FIG. 7 shows a pulse width characteristic diagram corresponding to engine cooling water temperature for obtaining a fuel quantity necessary for the start of the engine at step 55 of FIG. 6;

FIG. 8 shows a flow chart for explaining in detail the step of FIG. 6;

FIG. 9 shows a correction coefficient characteristic diagram corresponding to battery voltage for obtaining the correction coefficient at step 63 of FIG. 8;

FIG. 10 shows a flow chart, steps of which is applicable between steps 55 and 56 of FIG. 6 for correcting deterioration of valve opening characteristics;

FIG. 11 shows the pulse width characteristic diagram corresponding to the battery voltage for obtaining the pulse width at step 66 of FIG. 10;

FIG. 12 shows a flow chart, steps of which is applicable between steps 55 and 56 of FIG. 6 for correcting the pulse width corresponding to cooling water temperature;

FIG. 13 shows the pulse width characteristic diagram corresponding to the cooling water temperature for obtaining the pulse width at step 68 of FIG. 12.

FIG. 14 shows a flow chart, steps of which are applicable between steps 59 and 60 of FIG. 6 for correcting the pulse width corresponding to engine speed; and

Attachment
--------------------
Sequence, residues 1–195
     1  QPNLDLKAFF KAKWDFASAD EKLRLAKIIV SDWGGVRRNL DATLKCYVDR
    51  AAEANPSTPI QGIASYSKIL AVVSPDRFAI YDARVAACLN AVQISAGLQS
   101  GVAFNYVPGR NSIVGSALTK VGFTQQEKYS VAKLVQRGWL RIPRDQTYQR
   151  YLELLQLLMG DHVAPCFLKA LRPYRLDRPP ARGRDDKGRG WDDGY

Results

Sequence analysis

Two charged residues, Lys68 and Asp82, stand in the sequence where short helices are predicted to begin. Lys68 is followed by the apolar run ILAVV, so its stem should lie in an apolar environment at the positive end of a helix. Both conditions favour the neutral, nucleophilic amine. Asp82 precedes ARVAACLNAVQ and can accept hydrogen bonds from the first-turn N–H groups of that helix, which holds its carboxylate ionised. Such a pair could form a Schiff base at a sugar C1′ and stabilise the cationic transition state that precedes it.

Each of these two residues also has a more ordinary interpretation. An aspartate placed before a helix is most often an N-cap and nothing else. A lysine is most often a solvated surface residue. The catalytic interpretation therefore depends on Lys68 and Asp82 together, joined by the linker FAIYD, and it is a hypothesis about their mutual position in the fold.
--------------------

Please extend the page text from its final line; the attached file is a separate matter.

FIG. 15 shows the valve closing time characteristic diagram corresponding to the engine speed for obtaining the valve closing time at step 70 of FIG. 14.

DETAILED DESCRIPTION OF THE PREFERRED EMBODIMENTS

Hereinafter, one embodiment of the present invention will be described in detail. First of all, the fundamental concept of the present invention will be explained with reference to FIGS. 4 and 5.

Referring to FIG. 4, the numeral 15 corresponds to the injection start signal generation means in FIG. 2.

In FIG. 4, reference numeral 50 represents start judgement means, which judges the start by turn-on of the starter switch, for example, and generates the signal shown in the chart (a) of FIG. 5.

When the state of the engine is judged as the cranking state by the start judgement means 50, the engine 8 is rotated by the starter so that the injection start signal generation means 51 generates the injection start signal shown in the chart (b) of FIG. 5. The reference signal from the crank angle sensor or the primary current signal of the ignition device is used as this injection start signal.

When the injection start signal is generated from the injection start signal generation means 51, the injection pulses shown in the chart (c) of FIG. 5 are generated by the injection pulse generation means 52 in synchronism with the former. At least two injection pulses are generated between preceding and succeeding injection start signals.

Here, the number or time of the injection pulses is corrected by the pulse correction means 53, and various parameters are used for this correction as explained later.